Three of the world’s biggest oil companies are poised to pay hundreds of millions of dollars to hold on to prime concessions in Nigeria following keen Chinese interest in the planet’s 10th richest crude reserves.
ExxonMobil, the largest US oil group, is to pay a “signature bonus” of as much as $600m after securing a new 20-year lease to three blocks it has operated for four decades and which currently produce 580,000 barrels a day, people familiar with the situation said.
Royal Dutch Shell is close to finalising similar renewals that might see it surrender some concessions, industry insiders said, while Chevron, the second placed US group, is yet to agree a deal even after some of its leases expired at the end of last month.
The negotiations underscore the importance of Nigeria’s oil, both to western groups whose traditional dominance is weakening, and to the country’s government, which depends on petroleum revenues for 80 per cent of its income.
Militant attacks in the oil-producing Niger Delta, coupled with under-investment, have seen production fall well below capacity in recent years.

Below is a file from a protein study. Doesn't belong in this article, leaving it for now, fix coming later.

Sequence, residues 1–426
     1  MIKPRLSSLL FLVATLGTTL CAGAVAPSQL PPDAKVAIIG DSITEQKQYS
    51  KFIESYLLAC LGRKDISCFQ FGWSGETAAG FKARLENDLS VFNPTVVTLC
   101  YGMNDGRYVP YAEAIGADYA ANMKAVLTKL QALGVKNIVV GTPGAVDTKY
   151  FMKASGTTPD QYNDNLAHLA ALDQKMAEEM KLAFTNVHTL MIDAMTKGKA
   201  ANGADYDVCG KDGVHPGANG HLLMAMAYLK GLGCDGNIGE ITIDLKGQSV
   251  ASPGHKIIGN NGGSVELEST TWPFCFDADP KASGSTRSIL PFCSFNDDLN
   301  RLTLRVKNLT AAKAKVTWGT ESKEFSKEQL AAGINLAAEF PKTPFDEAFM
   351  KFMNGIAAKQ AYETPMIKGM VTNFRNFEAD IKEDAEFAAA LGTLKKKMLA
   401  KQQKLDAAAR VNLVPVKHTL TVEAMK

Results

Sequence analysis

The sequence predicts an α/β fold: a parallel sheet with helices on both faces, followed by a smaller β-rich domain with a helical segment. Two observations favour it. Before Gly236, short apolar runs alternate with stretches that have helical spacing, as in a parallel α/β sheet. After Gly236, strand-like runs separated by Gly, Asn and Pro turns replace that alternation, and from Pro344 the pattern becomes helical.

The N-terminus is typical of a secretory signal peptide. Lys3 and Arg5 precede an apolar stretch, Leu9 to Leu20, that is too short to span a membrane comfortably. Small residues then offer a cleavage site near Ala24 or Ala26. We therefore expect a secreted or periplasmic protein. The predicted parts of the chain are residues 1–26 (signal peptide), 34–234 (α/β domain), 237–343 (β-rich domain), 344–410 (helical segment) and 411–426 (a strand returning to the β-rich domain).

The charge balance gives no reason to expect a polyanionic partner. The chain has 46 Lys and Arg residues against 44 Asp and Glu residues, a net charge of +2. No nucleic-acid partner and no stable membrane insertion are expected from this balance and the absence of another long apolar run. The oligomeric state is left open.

The leases expired a year ago but were extended for 12 months. Shell took out a court injunction to prevent any change of ownership before entering talks.
Few people expected big oil groups, which have been the mainstay of the industry through its 50-year history, to be ejected from blocks they operate as minority partners in joint ventures. But one person familiar with Exxon’s renewal talks said they were like “a cliff-hanger”, and concluded only days before the leases lapsed.
Cnooc, the Chinese state-owned oil company, in June sought to buy stakes in 23 blocks – including some of those up for renewal – in order to secure as many as one in six of Nigeria’s 36bn barrels of reserves.
Cnooc is willing to pay up to $50bn for the stakes, Nigerian officials said, but it may be granted far fewer than it is seeking.
Odein Ajumogobia, minister of state for oil, has said the government would be willing to sell part of its own holdings in the joint ventures to the Chinese.
Several people with knowledge of the renewal talks said the competition from China – which has signed several big energy deals in Africa to fuel its growth – had strengthened the government’s hand.
The Nigerian government hopes to use the money raised from the leases to plug part of a $10bn deficit in next year’s budget, a senior official said.
The companies declined to comment.
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